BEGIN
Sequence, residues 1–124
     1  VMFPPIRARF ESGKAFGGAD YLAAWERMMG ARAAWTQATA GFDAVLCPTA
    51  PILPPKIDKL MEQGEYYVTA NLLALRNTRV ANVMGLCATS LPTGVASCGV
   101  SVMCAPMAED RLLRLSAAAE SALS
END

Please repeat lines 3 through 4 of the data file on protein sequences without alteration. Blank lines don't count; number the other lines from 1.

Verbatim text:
    51  PILPPKIDKL MEQGEYYVTA NLLALRNTRV ANVMGLCATS LPTGVASCGV
   101  SVMCAPMAED RLLRLSAAAE SALS